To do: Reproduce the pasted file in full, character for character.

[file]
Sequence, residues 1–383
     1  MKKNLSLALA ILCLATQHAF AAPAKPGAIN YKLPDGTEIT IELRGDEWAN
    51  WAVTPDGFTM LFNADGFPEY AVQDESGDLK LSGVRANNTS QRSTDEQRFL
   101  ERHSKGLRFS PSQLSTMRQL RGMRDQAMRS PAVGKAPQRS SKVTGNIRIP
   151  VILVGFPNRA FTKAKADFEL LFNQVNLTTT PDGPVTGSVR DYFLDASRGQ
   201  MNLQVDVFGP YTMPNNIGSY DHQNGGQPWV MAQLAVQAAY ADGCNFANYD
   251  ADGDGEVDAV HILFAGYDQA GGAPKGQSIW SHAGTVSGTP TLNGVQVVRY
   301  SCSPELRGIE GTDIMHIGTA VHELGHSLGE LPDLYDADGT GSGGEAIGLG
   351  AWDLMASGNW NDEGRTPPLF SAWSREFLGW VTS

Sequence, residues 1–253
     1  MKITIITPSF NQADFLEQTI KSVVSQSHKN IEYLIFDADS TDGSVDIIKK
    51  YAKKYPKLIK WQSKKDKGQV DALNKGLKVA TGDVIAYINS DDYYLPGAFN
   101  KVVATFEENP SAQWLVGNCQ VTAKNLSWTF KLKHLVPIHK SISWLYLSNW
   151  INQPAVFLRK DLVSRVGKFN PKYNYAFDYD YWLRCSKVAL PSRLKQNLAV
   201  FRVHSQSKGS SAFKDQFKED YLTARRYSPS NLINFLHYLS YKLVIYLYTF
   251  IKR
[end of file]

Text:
Sequence, residues 1–383
     1  MKKNLSLALA ILCLATQHAF AAPAKPGAIN YKLPDGTEIT IELRGDEWAN
    51  WAVTPDGFTM LFNADGFPEY AVQDESGDLK LSGVRANNTS QRSTDEQRFL
   101  ERHSKGLRFS PSQLSTMRQL RGMRDQAMRS PAVGKAPQRS SKVTGNIRIP
   151  VILVGFPNRA FTKAKADFEL LFNQVNLTTT PDGPVTGSVR DYFLDASRGQ
   201  MNLQVDVFGP YTMPNNIGSY DHQNGGQPWV MAQLAVQAAY ADGCNFANYD
   251  ADGDGEVDAV HILFAGYDQA GGAPKGQSIW SHAGTVSGTP TLNGVQVVRY
   301  SCSPELRGIE GTDIMHIGTA VHELGHSLGE LPDLYDADGT GSGGEAIGLG
   351  AWDLMASGNW NDEGRTPPLF SAWSREFLGW VTS

Sequence, residues 1–253
     1  MKITIITPSF NQADFLEQTI KSVVSQSHKN IEYLIFDADS TDGSVDIIKK
    51  YAKKYPKLIK WQSKKDKGQV DALNKGLKVA TGDVIAYINS DDYYLPGAFN
   101  KVVATFEENP SAQWLVGNCQ VTAKNLSWTF KLKHLVPIHK SISWLYLSNW
   151  INQPAVFLRK DLVSRVGKFN PKYNYAFDYD YWLRCSKVAL PSRLKQNLAV
   201  FRVHSQSKGS SAFKDQFKED YLTARRYSPS NLINFLHYLS YKLVIYLYTF
   251  IKR